Creativity and Resourcefulness
After spending a short amount of time at our city homestead, it became apparent that we needed a fence to deter unwanted foot traffic. Since I’d never built a fence before, and we were working with a very meager budget, I had to meditate on the idea for awhile. Eventually, creativity and resourcefulness saved the day.
Building a Simple Fence With Salvaged Posts
After performing a bit of research, I found a company to purchase used fence posts from for $2-$3 a piece. The fence company removes old fences when they build new ones for their customers, and they sell the old fence posts at a deep discount. I purchased fence posts as I could afford them, and I transported them in the trunk of our Toyota Camry.
The Easy Way
Next, we needed to dig the post holes. After careful consideration, I decided against digging the two foot deep post holes with a shovel and opted instead for a post hole digger. We were able to purchase a used post hole digger from a Craigslist.org seller for $10.
Getting Clever With Quikrete
After digging our post holes, we needed to install the posts, which we did with Quikrete. Concrete is really heavy for me, so I asked a worker at Lowe’s carry it to the trunk of my car for me.
I kept the Quikrete in the trunk of our car while I worked. I opened it so that I could easily scoop it out, and I drove my car to the part of our yard that we were working in.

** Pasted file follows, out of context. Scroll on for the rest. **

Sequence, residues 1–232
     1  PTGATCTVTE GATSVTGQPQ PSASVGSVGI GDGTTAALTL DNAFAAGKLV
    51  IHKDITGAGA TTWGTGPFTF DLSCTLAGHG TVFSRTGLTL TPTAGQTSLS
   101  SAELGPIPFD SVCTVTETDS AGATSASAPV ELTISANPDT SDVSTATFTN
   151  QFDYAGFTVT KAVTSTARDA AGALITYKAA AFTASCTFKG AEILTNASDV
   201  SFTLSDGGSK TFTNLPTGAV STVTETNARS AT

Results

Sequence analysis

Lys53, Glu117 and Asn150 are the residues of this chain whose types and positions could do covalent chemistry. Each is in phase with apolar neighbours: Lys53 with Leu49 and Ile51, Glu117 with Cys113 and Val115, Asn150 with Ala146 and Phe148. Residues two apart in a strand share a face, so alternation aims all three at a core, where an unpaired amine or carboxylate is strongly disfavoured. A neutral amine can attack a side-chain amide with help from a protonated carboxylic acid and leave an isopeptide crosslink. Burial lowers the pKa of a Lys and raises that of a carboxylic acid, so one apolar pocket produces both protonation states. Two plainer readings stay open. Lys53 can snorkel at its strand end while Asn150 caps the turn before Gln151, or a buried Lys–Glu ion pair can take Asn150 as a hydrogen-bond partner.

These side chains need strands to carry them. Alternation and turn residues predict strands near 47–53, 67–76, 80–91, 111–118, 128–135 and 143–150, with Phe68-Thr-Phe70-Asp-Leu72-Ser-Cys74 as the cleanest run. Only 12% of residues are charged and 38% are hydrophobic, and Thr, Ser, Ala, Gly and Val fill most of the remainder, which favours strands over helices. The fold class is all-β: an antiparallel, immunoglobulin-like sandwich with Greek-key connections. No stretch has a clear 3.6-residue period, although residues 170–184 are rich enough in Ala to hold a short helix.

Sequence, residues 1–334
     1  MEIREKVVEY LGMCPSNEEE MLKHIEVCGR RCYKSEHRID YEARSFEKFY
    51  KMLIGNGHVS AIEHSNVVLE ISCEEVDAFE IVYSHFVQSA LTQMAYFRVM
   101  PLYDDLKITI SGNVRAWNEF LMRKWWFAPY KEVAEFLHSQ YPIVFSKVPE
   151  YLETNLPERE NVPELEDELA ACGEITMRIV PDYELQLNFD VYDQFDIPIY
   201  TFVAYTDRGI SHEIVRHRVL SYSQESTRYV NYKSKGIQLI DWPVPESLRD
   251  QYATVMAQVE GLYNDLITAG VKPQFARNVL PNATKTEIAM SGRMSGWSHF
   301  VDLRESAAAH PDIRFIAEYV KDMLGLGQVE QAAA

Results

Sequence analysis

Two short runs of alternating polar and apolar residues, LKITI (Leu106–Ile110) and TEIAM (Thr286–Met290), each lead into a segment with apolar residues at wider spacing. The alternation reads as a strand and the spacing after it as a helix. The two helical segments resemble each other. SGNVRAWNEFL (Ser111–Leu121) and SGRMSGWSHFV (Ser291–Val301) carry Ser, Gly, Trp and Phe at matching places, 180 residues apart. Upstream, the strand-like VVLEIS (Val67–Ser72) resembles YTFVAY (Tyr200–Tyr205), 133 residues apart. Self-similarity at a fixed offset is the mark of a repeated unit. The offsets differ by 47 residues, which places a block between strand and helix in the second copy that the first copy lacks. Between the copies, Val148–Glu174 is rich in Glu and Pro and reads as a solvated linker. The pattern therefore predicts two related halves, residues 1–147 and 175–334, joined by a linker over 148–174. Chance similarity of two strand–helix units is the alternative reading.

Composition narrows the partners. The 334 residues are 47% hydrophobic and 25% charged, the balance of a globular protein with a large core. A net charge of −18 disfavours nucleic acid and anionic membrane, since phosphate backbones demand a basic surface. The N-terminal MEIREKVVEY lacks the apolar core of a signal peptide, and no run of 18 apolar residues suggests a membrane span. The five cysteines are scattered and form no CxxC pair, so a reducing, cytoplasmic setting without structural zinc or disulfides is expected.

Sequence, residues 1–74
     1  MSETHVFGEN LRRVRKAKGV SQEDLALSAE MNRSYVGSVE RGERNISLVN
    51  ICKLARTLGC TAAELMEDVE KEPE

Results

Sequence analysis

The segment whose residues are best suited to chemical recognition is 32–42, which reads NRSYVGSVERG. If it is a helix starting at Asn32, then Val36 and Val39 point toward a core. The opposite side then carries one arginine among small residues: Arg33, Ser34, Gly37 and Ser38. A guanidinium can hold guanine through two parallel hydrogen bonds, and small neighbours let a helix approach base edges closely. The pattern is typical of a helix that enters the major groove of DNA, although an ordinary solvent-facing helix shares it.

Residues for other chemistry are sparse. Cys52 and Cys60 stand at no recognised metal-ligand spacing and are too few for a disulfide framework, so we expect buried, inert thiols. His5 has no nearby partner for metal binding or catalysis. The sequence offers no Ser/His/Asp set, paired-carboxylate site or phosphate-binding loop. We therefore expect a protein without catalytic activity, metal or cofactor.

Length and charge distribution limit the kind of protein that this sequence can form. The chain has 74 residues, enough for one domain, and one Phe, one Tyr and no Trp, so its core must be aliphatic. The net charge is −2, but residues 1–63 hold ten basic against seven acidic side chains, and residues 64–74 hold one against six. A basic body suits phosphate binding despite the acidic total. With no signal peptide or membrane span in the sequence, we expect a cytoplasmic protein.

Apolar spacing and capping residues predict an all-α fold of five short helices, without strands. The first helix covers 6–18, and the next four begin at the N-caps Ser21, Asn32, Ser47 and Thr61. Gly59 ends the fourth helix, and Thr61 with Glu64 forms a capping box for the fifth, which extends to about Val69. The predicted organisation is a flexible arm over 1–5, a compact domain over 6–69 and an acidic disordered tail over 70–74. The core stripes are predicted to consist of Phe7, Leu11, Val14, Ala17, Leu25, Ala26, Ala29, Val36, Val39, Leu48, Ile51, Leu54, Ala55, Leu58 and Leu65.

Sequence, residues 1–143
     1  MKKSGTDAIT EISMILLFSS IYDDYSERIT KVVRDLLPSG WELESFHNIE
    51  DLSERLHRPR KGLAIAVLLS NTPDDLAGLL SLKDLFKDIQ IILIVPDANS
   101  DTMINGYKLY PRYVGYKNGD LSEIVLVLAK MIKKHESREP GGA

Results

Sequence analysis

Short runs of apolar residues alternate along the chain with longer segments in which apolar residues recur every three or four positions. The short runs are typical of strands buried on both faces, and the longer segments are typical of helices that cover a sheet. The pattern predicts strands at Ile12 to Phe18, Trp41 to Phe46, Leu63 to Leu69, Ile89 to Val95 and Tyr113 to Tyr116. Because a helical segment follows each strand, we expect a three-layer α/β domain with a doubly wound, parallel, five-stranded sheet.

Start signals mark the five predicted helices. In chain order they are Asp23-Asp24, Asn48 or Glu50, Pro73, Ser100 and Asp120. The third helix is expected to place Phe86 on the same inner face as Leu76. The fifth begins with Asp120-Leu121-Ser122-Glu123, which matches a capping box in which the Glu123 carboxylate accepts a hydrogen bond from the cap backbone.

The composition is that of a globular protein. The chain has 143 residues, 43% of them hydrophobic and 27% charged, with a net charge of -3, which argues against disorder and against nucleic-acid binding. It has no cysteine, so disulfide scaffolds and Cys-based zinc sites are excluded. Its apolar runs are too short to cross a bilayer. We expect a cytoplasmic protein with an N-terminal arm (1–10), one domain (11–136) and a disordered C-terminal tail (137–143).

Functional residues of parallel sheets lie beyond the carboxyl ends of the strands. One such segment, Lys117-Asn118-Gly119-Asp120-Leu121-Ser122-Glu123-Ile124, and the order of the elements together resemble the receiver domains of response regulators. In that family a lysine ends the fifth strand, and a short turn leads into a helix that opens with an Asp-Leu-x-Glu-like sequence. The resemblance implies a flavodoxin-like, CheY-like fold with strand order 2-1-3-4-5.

Here is a link to my original blog post about our fence installation http://asantegeorge.com/2012/09/01/dirty-tired-and-satisfied-after-a-rewarding-week-at-our-city-homestead/.
Begin, and Begin Again
After installing our fence posts, I connected the posts in the front yard with planks that I salvaged from the wall deconstruction we’d performed in our house. I then used more salvaged wood as fence pickets. As our fence began to take shape, I didn’t like the way it looked, so I removed the pickets and planks.
After some time, I realized that the most important section to fence was our backyard. If I fenced the backyard my daughter and dog would have a place to play while I work, and we’d have a place to begin our garden. Also, our backyard was already fenced on two sides.
A Simple, Affordable Solution
On one of my many strolls through various hardware stores, I spotted rolls of economy galvanized wire fencing. I decided that wrapping wire fencing around my backyard would be the simplest way to fence it in. I measured both sides of our yard that needed fencing and found out that a 50 foot roll would do the trick. Since my fence posts around our backyard are six feet tall (8 foot posts with two feet buried in the ground), I opted for the five foot fencing. Along with my galvanized fencing which cost $50, I also purchased a $10 pair of wire snips.
Since I was separating the backyard from the side and front yards, I installed two more fence posts to act as a gate frame. I then installed a door that we salvaged to act as a gate. The process took about three days including time to allow the concrete to dry around the newly planted fence posts.
Plans for the Future
Although our fence is functional, I need to do a few more things to it to make it beautiful and more functional. We need to brace the posts that are holding up the door, and we need to paint the door to protect it from the elements. We also need to place something along the bottom of the fence so that our dog cannot dig her way out. It’s a work in progress, and I’m really excited to see what creative solutions we come up with.
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tags: building a simple fence, homestead in the city